On the 9th of November 1640, Lord Digby proposed in the Commons, that a remonstrance, "to be a faithful and lively representation to his Majesty of the deplorable estate of this kingdom," should be drawn up and presented. To this effect, a committee of twenty-four members was appointed forthwith, to draw up such a declaration, and to receive an account of grievances from other committees; but this business ran to great lengths, and the remonstrance itself was not carried till the 22nd of November 1641. By this time the Commons had become accustomed to late hours, and were no longer moved from their propriety by the apparition of a few candlesticks. The debate lasted from about four in the afternoon to three the next morning; which was so unusually long (even then,) that according to Rushworth, some of the royalist party compared the passing of the remonstrance, which gave a death-blow to their cause, to the tardy verdict of a starved jury. This magnificently conceived, and admirably expressed remonstrance, consisting of 206 articles of reproach or advice, was voted entire, but only by a small majority. Mr. Palmer and some other members entered a protest against it; in consequence whereof, Palmer was the next day committed to the Tower ; it being held by the reformers, that, in protesting, he had directly offended against "the order, custom, and privilege of the House of Commons." Clarendon, who admits that it "had not been used in the House of Commons " to protest against the sense or vote of the House, gives a more detailed account of this memorable debate; in which he somewhat differs from Rushworth, making the sitting still longer, and the debate more formidable.—He says, "The debate being entered upon about nine of the clock, it continued all that day; and candles being called for when it grew dark (neither side being very desirous to adjourn it till the next day, though it was evident very many of them withdrew themselves out of pure faintness and disability to attend the conclusion), the debate continued till it was after twelve of the clock, with much passion; and the House being then divided, upon the passing or not passing the remonstrance, it was carried in the affirmative by nine voices, and no more." He then goes on to state, that, as soon as it was carriod, Mr. Hampden moved that an order should be entered for the immediate printing of the remonstrance; that this motion produced a more gtormy debate than the former; and that " the House by degrees being quieted, they all agreed, about two of the clock in the morning, to adjourn till two of the clock the next afternoon," when the order for printing was carried "without much opposition."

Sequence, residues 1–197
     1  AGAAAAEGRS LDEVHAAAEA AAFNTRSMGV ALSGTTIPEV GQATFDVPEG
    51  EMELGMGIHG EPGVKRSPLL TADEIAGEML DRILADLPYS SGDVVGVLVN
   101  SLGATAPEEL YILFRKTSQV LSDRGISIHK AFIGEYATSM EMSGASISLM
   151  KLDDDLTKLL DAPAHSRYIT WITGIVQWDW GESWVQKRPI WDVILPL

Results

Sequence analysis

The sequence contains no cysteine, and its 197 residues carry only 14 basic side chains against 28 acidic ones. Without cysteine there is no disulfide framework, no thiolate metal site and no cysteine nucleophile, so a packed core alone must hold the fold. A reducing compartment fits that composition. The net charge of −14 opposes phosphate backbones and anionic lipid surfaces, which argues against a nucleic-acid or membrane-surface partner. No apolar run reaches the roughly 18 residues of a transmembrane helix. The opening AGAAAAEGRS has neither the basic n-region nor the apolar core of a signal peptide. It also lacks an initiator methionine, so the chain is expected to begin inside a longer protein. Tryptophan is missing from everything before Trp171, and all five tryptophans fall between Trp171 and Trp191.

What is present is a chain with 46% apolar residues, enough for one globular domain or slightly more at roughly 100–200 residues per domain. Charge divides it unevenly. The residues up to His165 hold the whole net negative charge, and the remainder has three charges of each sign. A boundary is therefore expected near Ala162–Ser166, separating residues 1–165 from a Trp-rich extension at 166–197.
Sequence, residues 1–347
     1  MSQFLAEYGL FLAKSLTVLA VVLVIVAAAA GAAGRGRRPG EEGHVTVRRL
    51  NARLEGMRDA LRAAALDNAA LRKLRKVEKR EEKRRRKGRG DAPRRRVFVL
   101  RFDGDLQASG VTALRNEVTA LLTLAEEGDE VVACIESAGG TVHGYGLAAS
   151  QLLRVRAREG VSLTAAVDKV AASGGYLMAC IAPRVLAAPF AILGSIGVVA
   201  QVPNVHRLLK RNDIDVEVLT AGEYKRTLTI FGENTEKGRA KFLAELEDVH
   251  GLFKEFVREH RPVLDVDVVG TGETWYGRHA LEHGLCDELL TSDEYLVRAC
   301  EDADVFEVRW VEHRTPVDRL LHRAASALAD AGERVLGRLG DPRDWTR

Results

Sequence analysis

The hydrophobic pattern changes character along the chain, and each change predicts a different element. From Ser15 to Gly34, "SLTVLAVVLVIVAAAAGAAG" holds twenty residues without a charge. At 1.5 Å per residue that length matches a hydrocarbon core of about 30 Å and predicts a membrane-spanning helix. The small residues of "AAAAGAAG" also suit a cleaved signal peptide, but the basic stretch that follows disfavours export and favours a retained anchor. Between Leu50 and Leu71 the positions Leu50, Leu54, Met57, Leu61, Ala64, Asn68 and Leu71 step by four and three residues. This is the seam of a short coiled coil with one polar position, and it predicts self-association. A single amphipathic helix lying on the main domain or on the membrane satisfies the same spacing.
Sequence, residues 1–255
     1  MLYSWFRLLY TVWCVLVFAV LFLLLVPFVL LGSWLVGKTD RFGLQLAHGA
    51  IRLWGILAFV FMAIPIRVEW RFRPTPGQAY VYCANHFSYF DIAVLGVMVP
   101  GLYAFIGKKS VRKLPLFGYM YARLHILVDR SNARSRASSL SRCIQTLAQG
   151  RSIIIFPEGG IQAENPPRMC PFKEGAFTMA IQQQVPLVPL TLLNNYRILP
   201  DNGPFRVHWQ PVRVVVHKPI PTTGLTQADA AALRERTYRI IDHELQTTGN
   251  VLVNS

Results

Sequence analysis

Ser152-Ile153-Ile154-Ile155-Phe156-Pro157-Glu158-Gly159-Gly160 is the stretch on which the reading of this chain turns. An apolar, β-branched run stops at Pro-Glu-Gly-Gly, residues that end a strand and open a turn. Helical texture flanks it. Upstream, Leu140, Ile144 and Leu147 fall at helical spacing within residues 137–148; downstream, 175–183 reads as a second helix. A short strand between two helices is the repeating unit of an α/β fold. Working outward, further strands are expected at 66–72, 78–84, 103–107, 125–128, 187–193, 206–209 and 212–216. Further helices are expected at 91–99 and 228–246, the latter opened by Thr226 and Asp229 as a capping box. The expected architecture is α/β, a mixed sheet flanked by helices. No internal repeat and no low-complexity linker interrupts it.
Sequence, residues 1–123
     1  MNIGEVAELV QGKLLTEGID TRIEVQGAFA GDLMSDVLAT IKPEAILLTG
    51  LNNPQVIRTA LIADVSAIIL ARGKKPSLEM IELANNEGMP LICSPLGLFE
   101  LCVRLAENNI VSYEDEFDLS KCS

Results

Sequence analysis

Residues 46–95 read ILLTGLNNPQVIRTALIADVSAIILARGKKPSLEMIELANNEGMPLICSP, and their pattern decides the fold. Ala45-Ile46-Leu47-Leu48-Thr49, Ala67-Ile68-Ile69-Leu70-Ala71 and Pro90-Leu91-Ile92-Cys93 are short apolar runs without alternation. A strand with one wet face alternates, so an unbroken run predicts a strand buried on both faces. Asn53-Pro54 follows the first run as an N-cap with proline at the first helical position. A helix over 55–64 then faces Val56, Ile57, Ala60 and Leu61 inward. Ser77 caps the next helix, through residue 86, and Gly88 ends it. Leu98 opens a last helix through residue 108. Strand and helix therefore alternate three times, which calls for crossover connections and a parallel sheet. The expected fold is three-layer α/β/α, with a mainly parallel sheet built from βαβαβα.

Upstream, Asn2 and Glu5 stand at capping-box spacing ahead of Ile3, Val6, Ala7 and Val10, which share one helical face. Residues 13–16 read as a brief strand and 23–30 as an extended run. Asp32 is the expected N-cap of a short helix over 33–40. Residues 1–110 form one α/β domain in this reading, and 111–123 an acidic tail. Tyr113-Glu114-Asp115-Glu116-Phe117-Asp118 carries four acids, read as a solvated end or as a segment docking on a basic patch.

According to this relation, the whole debate on the 22nd of November lasted seventeen hours, a term much too long for many of the Court-party. Clarendon, forgetting that therein he praises the patience and constancy of his opponents, expressly says that they carried their motion by the hour of the night, which drove away more members than were necessary to form a majority against them.